In this talk, we consider an expansion of a dense monolayer of cells: a collective multicellular phenomenon, where cells divide, grow, and maintain contacts with their neighbors. During migration, cells display complex behavior, adjusting both their division rate and their growth after division to the local mechanical environment. Experimental observations show that cells near the edge of the expanding monolayer are larger and move faster than cells deep inside the colony. To explain these observations and describe cell migration patterns, we formulate a spatio-temporal theoretical model for multicellular dynamics in terms of the cell area distribution; the model includes cell growth after division and effective pressure. Numerical simulations of the model predict both the speed of invasion and the width of the outer proliferative rim; these predictions are in a good agreement with experimental observations. Theoretical analysis yields the equation for density of cells and reveals a novel type of propagating front with compact support. The velocity of front propagation (monolayer expansion) is obtained analytically and its dependence on all the relevant parameters is determined.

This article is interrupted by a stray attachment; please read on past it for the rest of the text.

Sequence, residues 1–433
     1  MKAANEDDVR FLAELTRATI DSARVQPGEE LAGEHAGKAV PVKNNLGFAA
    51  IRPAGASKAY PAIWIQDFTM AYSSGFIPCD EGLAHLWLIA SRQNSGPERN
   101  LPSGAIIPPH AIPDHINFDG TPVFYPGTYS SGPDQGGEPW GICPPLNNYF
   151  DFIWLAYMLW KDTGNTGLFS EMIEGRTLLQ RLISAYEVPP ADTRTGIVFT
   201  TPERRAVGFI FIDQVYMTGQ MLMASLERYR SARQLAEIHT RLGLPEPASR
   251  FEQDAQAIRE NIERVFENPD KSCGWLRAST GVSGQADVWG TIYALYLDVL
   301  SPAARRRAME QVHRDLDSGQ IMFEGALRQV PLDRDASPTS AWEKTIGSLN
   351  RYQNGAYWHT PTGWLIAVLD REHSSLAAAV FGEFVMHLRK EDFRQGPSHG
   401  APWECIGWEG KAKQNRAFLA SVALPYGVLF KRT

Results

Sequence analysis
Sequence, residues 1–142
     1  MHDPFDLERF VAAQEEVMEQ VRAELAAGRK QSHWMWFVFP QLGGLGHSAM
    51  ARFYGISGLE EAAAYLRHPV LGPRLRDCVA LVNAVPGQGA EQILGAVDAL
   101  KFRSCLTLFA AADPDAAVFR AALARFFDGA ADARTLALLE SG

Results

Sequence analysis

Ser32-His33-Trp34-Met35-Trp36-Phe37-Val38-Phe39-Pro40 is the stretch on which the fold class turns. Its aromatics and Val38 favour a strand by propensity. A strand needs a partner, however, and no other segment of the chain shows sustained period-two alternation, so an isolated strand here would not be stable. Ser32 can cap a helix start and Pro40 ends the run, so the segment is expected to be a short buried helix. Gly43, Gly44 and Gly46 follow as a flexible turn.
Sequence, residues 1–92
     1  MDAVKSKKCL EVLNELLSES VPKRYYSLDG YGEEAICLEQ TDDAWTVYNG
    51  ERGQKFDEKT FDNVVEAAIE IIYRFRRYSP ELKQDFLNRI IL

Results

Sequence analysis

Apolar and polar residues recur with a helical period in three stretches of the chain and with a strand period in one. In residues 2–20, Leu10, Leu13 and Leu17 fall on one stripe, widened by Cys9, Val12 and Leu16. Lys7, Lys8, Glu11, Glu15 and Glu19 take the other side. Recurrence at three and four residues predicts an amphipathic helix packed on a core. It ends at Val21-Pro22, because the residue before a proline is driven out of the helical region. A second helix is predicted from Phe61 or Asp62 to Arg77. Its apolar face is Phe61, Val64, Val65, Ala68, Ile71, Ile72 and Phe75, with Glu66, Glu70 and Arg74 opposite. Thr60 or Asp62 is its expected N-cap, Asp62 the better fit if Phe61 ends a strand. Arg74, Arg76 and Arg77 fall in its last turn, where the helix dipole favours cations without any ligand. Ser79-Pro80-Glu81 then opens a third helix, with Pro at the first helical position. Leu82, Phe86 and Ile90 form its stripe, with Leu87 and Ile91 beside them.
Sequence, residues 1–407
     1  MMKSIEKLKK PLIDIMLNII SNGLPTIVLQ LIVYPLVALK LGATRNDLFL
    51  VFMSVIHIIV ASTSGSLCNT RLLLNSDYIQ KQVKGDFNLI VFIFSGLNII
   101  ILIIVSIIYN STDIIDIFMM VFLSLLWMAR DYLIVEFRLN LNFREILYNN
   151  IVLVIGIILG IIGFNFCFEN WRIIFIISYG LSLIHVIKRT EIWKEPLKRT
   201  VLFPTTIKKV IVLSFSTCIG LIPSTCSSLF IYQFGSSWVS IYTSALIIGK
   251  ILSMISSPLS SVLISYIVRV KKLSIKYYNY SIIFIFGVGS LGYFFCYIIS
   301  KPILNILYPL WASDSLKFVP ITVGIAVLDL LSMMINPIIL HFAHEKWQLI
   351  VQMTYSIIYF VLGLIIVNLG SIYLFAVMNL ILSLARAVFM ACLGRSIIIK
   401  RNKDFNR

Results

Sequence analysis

Explore Similar Events
Loading Similar Events...